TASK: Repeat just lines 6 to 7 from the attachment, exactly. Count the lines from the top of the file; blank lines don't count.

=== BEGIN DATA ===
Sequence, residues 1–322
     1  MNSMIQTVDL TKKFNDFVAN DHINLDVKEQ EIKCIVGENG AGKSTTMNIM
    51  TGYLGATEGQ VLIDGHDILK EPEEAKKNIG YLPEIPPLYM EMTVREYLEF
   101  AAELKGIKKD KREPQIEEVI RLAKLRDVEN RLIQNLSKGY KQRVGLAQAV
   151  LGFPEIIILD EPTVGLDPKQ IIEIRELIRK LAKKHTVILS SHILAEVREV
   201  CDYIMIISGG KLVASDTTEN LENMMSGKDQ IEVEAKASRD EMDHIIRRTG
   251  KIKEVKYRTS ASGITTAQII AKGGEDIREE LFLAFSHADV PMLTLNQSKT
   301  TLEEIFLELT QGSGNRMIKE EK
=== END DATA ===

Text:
   201  CDYIMIISGG KLVASDTTEN LENMMSGKDQ IEVEAKASRD EMDHIIRRTG
   251  KIKEVKYRTS ASGITTAQII AKGGEDIREE LFLAFSHADV PMLTLNQSKT